|Lifespan||37 - 74|
|Medical Dart Resistance||60|
|Comfort||50% , 70% , 90%|
|Open Space (m2)||3550||48%|
Unlocked by retrieving the fossil from one of the following dig sites:
|Dig Sites||Fossil Size||Fossil Quantity||Locations||Requirements (Logistics)||Duration||Cost||Scientists (Max)|
|Kayenta Formation||1||3||North America | USA | Utah||3||02:30||$95,000||3|
|Eggs||3 - 8|
Genome Trait Chances
|Genetic Mods (Max)||4|
Dilophosaurus is a genus of large carnivorous theropod, averaging around 3m in length and 300kg in weight. It gets its name – which translates to ‘two-crested lizard’ - from the distinctive crests that sit atop its head, which are used to attract mates for reproduction. Dilophosaurus’ slender build means it can move at high speeds, while its powerful jaw allows it to keep hold of prey as it struggles to escape.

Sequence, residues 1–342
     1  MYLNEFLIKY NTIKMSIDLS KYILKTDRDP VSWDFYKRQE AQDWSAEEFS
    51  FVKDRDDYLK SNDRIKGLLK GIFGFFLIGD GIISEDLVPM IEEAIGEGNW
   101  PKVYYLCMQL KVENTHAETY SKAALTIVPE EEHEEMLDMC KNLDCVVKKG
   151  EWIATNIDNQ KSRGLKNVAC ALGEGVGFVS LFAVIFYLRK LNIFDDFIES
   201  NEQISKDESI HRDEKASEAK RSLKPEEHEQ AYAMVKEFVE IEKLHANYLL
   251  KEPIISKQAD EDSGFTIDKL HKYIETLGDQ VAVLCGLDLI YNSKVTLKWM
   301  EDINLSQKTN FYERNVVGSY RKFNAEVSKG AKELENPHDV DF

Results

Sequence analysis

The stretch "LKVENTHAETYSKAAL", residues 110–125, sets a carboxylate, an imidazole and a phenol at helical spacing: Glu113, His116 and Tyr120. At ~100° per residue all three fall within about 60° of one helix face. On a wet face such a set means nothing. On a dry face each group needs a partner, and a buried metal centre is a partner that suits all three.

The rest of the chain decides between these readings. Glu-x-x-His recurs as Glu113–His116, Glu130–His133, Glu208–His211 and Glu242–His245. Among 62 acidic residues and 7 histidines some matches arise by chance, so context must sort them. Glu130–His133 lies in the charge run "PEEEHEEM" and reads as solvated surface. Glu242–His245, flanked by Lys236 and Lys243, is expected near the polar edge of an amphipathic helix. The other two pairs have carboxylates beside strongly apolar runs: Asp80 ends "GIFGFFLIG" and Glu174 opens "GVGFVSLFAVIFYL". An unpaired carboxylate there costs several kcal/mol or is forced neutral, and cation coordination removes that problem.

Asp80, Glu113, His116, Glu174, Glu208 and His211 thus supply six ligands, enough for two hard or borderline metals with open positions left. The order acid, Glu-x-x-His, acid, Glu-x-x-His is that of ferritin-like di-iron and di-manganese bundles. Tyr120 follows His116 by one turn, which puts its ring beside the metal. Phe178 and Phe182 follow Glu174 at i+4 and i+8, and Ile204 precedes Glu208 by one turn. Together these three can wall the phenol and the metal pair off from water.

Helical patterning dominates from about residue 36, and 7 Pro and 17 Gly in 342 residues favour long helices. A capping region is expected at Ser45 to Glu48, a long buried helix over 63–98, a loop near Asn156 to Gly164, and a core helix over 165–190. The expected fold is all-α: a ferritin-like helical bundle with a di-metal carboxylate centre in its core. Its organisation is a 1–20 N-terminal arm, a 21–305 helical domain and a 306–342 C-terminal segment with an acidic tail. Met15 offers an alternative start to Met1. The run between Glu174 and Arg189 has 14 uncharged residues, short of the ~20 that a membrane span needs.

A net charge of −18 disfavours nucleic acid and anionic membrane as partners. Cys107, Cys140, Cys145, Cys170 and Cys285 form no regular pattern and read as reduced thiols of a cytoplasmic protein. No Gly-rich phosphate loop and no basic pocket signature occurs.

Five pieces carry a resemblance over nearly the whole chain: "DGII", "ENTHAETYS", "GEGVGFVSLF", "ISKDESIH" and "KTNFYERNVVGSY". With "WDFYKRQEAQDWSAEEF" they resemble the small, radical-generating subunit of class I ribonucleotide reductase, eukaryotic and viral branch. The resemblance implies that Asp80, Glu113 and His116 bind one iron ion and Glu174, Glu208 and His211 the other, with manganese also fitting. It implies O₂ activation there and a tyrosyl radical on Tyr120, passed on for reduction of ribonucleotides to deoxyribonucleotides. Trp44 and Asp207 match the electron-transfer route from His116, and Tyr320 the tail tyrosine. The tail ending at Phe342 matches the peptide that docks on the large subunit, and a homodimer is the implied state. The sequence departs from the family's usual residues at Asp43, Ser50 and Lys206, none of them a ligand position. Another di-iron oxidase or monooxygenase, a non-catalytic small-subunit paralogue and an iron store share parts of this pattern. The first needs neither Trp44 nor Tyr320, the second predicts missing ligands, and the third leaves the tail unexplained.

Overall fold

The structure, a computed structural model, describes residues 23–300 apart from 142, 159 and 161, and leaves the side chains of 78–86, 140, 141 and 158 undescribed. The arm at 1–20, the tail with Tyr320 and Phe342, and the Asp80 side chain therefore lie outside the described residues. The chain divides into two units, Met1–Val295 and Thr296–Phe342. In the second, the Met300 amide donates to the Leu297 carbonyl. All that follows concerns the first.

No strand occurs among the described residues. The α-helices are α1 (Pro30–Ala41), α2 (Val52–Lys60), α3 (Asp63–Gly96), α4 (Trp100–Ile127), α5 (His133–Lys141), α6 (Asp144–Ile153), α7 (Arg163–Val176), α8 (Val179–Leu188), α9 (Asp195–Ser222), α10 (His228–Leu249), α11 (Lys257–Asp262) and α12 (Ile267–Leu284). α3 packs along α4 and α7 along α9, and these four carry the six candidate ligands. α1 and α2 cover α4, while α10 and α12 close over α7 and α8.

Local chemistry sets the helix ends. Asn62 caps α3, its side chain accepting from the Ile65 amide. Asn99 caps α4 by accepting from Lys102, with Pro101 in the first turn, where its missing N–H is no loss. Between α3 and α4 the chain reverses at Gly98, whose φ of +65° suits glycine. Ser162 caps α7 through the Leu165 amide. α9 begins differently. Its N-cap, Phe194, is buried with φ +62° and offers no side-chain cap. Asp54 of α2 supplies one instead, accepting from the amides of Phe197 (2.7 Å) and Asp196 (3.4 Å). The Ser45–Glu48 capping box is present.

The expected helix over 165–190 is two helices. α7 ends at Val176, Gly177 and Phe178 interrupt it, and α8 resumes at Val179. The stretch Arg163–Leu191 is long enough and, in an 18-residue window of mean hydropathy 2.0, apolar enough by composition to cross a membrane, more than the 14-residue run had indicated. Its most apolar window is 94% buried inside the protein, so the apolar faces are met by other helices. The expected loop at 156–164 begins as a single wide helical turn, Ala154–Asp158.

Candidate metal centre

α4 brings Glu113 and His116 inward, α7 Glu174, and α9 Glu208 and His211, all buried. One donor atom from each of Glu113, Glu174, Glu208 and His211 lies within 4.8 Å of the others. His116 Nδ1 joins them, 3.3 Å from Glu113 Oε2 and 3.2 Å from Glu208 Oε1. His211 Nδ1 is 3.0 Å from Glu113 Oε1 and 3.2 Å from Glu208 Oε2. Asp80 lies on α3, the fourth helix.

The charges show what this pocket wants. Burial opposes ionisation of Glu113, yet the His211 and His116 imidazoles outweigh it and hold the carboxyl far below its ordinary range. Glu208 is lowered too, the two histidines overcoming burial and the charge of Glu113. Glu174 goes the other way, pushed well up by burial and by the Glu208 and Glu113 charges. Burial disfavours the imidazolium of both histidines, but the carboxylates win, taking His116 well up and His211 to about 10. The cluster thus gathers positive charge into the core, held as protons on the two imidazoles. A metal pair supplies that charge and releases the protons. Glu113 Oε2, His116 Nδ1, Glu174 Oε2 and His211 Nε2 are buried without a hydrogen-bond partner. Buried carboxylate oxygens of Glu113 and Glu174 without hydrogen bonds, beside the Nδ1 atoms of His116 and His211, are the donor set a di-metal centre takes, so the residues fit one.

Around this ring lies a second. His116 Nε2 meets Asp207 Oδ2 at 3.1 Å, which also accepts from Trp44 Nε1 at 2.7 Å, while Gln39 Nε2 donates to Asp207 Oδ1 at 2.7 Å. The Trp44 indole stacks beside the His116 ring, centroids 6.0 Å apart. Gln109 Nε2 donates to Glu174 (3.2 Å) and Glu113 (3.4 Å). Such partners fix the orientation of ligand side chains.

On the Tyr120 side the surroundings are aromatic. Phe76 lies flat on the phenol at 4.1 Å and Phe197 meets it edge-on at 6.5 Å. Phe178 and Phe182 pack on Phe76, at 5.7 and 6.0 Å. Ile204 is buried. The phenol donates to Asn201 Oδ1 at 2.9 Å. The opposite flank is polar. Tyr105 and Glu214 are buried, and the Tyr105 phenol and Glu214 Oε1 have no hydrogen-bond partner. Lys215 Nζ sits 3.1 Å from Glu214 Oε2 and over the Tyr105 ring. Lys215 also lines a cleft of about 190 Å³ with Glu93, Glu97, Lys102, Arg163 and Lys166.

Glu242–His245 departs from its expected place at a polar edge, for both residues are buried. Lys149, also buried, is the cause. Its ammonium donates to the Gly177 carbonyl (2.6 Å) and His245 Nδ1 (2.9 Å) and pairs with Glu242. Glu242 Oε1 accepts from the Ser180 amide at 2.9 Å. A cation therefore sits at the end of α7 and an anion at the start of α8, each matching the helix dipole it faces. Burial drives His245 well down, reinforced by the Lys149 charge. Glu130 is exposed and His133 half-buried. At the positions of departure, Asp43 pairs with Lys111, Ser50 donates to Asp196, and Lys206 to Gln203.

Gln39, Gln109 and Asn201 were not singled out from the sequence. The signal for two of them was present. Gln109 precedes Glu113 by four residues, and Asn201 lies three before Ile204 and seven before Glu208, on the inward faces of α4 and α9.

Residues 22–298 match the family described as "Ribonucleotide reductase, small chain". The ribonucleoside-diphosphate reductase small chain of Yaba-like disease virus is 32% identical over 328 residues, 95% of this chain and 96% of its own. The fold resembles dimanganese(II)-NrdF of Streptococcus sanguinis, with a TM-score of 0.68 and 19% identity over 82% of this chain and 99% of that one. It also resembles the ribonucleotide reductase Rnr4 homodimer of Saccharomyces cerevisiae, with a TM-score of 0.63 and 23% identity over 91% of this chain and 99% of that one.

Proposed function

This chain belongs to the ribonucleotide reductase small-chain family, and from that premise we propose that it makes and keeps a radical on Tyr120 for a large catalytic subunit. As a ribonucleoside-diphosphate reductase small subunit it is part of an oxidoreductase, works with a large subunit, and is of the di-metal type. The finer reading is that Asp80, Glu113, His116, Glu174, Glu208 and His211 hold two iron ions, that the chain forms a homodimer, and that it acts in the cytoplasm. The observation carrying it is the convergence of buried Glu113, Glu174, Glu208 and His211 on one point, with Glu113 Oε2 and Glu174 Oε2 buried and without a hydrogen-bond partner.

The first Dilophosaurus fossils were discovered by American paleontologist Charles L. Camp in Arizona in 1940. For many years the genus was misclassified as a Megalosaurus - it wasn’t until 1970 that fellow dinosaur expert Samuel P. Welles declared it a new genus after realizing remains that had been wrongly described as cheek bones were in fact crests – a feature that had not previously been found in a theropod.
Dilophosaurus inhabited the western states of North America during the Early Jurassic period, around 190m years ago. As one of the biggest carnivores of its environment, Dilophosaurus is likely to have preyed on large herbivores – although it may also have eaten fish and small reptiles.